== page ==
BrainWaves: The Neuroscience Graduate Program Newsletter

The Rise of Science Influencers

Author: Negeen Halabian

In my last article, we discussed the importance of using Twitter to promote your work (and yourself) in the digital academic world. However social media platforms extend well-beyond Twitter, and can help you reach an audience outside academia. At the start of the pandemic, the gap between scientists and the public became even more apparent and the need for effective scientific communication was emphasized. While we have enjoyed the company of established science influencers such as Bill Nye or Neil DeGrasse Tyson through television, social media has given junior scientists an opportunity to grow their reach exponentially. Social media influencers are individuals who build a reputation for their knowledge and expertise and a specific topic and regularly create content for their followers. Through communication and collaboration, scientists and healthcare workers took social media by storm to raise awareness about COVID-19. Social media platforms provided the ideal space for two-way interactive exchanges between scientists and the public. Since then, more scientists have joined social media and post about their research and life as an academic. Science communication is an exciting opportunity for scientists to expand their reach and establish their own brand. 

What are the advantages and disadvantages of pursuing a prominent online presence as an academic? We discuss below:
Advantages Of Using Social Media For Sharing Knowledge about Science
Large social media platforms such as Instagram, Facebook, and Twitter have the potential to be the best scientific social networks if they are used to promote research interests appropriately. Science-related pages and profiles can reach wide and non-specialized audiences, meaning that there is potential for scientists to use these platforms as a space to create positive online communities with common interests. An active social presence can allow scientists to find audiences with similar concerns or to collaborate on various projects ranging from research sponsorship to event funding. Scientists can also leverage their online presence to increase public interest in their research and highlight its relevance to funding agencies. Additionally, the traditional nature of science communication has involved its communication in the form of peer-reviewed journal articles and conference presentations. However, these are somewhat constricted as they mostly involve academics only. However, event organizers can use social media to promote scientific work to a larger audience and spark public interest. Also, inviting science influencers to partake in academic events allows scientists to narrow the gap between science and the public. In conclusion, social media platforms can be used to cultivate stronger links with colleagues all over the world and to raise awareness about current research on social issues.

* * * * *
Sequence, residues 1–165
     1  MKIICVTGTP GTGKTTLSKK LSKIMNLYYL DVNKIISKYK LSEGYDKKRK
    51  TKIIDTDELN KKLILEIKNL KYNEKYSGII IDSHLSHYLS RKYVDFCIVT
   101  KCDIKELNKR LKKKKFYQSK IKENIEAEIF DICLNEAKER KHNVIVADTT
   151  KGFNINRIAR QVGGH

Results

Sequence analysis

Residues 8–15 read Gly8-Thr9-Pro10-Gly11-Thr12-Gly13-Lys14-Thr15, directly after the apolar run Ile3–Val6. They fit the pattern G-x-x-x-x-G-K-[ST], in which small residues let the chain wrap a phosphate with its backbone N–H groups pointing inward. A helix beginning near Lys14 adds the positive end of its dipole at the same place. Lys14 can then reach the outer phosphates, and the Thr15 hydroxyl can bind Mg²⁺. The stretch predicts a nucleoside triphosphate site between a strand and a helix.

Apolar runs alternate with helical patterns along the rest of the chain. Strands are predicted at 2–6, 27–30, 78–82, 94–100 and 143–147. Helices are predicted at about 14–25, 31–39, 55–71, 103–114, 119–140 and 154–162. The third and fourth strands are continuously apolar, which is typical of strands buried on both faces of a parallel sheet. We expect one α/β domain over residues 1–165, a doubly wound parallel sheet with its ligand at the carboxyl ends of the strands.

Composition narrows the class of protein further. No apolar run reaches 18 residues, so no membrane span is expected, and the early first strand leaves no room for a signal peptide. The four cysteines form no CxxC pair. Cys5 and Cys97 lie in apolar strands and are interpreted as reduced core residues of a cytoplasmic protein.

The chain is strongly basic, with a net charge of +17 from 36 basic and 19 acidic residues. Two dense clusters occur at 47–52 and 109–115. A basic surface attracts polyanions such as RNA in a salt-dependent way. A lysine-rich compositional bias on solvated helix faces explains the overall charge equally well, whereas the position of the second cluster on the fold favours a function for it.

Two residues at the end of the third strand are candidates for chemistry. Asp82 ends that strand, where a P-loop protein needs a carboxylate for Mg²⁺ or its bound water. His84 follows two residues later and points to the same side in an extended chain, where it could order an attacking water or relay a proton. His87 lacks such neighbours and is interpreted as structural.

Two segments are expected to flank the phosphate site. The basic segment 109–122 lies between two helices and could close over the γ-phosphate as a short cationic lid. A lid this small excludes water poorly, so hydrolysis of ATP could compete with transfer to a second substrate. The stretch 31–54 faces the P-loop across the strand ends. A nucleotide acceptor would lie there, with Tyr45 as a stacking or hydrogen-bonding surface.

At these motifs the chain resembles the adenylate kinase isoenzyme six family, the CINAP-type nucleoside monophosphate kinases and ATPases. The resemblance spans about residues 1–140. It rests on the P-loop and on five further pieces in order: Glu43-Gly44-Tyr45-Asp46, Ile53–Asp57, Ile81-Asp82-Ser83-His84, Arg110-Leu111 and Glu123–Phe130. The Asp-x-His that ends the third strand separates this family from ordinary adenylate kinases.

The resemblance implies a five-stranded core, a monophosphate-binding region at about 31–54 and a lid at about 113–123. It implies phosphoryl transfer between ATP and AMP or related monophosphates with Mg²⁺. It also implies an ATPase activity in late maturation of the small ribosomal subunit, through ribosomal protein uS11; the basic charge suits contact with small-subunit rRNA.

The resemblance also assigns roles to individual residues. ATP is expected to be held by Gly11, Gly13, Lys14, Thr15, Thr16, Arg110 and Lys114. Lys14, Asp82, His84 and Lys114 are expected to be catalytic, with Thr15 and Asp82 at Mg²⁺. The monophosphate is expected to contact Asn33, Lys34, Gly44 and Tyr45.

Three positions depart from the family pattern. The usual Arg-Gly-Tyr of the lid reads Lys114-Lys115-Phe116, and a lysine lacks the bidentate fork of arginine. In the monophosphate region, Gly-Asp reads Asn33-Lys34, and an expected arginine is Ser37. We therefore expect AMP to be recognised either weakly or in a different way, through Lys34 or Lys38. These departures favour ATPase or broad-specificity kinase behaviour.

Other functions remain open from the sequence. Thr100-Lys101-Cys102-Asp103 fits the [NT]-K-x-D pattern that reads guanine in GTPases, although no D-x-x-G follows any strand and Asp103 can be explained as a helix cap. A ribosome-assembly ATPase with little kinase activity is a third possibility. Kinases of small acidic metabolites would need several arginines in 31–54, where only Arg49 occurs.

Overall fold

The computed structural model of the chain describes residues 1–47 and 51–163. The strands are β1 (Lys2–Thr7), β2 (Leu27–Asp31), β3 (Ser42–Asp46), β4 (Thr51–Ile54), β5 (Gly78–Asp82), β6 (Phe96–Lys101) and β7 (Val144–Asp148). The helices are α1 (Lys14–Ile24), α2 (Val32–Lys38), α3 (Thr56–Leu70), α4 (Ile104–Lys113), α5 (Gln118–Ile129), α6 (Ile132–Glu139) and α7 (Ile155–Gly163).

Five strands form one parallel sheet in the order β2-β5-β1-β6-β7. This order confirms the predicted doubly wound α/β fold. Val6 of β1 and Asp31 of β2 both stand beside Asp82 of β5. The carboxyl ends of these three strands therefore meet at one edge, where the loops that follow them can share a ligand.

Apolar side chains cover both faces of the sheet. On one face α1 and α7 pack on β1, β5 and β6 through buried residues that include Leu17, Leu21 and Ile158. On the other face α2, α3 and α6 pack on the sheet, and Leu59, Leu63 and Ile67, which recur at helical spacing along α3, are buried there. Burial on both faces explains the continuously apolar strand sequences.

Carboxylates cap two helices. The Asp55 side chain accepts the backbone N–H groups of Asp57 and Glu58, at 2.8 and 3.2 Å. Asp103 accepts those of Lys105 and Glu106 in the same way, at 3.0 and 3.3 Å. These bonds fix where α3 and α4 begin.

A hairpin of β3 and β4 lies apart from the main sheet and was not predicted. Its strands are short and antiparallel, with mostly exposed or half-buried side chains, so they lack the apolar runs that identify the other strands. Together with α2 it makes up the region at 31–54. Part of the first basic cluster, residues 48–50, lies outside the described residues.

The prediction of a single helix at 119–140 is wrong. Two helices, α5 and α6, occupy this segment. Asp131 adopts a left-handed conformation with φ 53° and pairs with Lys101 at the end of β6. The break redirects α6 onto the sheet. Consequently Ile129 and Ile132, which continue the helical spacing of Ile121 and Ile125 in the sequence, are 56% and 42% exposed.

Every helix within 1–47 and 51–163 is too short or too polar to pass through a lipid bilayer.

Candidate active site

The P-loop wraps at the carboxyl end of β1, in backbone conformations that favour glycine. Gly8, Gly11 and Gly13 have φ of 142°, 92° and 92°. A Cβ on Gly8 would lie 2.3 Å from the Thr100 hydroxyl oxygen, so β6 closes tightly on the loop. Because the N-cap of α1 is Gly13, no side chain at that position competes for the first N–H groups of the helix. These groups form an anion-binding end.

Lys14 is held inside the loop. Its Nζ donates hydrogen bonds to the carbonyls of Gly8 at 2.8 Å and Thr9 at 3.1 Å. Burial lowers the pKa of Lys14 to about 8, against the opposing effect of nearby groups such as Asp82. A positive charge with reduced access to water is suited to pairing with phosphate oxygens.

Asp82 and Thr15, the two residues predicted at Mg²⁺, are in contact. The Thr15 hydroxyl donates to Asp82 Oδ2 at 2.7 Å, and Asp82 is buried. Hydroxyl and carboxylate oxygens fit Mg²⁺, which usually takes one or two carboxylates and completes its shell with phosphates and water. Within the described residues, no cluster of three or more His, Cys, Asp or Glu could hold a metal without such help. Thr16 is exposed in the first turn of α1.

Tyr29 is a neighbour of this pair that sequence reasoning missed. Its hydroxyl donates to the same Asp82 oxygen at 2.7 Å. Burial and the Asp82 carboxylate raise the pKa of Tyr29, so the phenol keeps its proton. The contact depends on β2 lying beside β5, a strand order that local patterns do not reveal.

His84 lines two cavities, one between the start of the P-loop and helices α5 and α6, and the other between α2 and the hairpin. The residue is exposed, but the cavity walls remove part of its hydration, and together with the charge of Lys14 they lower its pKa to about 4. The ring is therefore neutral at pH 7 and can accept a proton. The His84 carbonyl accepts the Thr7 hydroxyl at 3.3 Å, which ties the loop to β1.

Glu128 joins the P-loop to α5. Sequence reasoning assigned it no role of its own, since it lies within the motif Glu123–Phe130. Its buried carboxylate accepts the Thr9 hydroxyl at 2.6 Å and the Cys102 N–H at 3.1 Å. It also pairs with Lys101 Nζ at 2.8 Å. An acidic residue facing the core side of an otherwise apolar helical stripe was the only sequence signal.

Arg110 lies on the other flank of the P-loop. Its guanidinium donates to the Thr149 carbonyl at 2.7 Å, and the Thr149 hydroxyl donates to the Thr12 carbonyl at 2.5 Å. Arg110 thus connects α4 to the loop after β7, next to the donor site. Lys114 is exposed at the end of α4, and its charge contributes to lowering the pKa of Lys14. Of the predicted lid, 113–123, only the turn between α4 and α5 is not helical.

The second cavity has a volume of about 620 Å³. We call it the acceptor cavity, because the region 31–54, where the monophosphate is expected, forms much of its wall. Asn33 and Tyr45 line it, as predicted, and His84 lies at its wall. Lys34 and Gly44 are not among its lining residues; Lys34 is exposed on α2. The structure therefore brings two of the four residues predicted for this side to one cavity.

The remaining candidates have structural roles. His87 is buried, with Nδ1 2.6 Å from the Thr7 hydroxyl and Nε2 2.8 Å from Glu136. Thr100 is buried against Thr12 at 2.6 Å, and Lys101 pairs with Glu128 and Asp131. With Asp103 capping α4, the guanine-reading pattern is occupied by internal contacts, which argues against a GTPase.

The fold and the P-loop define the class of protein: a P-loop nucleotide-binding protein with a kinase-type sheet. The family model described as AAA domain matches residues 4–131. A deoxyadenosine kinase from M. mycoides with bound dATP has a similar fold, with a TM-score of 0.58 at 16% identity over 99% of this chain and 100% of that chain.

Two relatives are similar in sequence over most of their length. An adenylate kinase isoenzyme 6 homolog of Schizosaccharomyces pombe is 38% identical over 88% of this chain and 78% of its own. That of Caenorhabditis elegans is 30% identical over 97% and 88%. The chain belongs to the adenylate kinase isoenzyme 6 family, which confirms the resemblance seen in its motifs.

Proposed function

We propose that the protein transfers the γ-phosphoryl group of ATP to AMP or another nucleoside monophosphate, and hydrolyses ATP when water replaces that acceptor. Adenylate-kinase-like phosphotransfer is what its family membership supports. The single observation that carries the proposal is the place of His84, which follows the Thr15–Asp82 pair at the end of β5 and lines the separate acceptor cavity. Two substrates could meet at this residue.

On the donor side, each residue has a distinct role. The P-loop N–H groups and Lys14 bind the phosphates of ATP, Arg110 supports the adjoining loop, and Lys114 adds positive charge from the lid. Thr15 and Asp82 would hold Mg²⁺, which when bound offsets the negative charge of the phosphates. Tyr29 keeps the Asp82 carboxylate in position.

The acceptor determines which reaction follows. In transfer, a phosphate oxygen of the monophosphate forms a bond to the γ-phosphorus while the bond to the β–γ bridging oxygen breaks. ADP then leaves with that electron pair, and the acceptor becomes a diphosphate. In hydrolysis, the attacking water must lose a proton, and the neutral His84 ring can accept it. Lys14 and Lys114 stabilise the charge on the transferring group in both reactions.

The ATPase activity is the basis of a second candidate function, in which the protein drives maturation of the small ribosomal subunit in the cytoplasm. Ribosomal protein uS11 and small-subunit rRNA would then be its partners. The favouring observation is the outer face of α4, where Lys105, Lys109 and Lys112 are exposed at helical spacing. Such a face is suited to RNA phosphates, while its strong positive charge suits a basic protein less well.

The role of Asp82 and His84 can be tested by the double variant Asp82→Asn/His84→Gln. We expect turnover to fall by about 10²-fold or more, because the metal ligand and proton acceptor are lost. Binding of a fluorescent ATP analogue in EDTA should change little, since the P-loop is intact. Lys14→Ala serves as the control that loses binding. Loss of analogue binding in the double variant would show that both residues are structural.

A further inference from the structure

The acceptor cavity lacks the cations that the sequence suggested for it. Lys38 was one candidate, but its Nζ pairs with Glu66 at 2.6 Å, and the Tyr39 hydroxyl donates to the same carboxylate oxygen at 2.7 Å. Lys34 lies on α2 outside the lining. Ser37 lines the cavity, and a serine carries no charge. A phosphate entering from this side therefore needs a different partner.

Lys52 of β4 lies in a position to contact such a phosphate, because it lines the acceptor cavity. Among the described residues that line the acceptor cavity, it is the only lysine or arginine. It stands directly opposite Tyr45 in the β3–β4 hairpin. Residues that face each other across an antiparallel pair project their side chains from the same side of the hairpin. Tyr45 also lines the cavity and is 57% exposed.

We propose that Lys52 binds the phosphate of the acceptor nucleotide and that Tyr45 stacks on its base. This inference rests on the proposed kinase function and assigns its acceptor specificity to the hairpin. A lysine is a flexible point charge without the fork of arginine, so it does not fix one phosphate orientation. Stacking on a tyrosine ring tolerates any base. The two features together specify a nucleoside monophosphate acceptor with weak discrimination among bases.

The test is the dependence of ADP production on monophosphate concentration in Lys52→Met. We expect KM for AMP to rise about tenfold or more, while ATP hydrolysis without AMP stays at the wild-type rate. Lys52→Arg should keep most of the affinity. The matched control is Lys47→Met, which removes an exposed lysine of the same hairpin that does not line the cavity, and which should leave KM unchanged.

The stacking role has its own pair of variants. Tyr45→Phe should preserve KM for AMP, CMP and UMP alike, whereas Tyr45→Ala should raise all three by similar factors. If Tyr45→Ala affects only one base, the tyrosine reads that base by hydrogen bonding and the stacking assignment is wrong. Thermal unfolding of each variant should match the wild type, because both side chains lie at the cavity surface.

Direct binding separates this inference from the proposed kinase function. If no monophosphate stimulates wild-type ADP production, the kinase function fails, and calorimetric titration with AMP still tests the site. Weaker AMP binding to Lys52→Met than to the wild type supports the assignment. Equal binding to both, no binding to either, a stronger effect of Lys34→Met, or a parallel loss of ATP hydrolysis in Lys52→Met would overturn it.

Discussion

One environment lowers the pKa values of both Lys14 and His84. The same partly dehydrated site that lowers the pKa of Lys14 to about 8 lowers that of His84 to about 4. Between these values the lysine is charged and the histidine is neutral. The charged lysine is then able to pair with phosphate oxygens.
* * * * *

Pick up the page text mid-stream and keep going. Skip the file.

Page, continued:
Disadvantages Of Using Social Media For Science
With the aforementioned benefits of engaging in social media, could there be disadvantages to it? The fact is that rates of social media use in the scientific community are still low in comparison to the general public or even other professional groups. The truth is that there is much reluctance among scientists to use social media. Through my many conversations with senior and junior scientists, I have realized that the problem is contributed to by issues of reputation, credibility, and professionalism. Therefore, the preference is to engage in more exclusive and professional networks such as ResearchGate, Labs Explorer, Academia, or Mendeley. While Twitter seems to be a more accepted platform, newer platforms such as TikTok can further contribute to this reluctance. This may affect junior scientists particularly. We are at the beginning of our journeys and an online presence can open you up to criticism and judgement from supervisors, colleagues, and the public. Anything you post can be brought up for questioning in interviews, conference talks, or regular conversations. If one is not careful about what they post and how they engage with social media, it can be a disadvantage to your career. Additionally, responsible and frequent conduct on social media is time-consuming and content creation can take away from the time that could be spent conducting research. 
In conclusion, establishing yourself as a science influencer can have a great positive impact, by bringing down barriers to the dissemination of scientific information and fostering a culture of open science communication. However, this positive impact can come at personal costs. We encourage everyone to be responsible for making the best possible use of the tools available to them and promote their research interests and extend the benefits of science to the general public. 

What are your thoughts on using social media to promote academic work? We would love to hear from you! You can email us at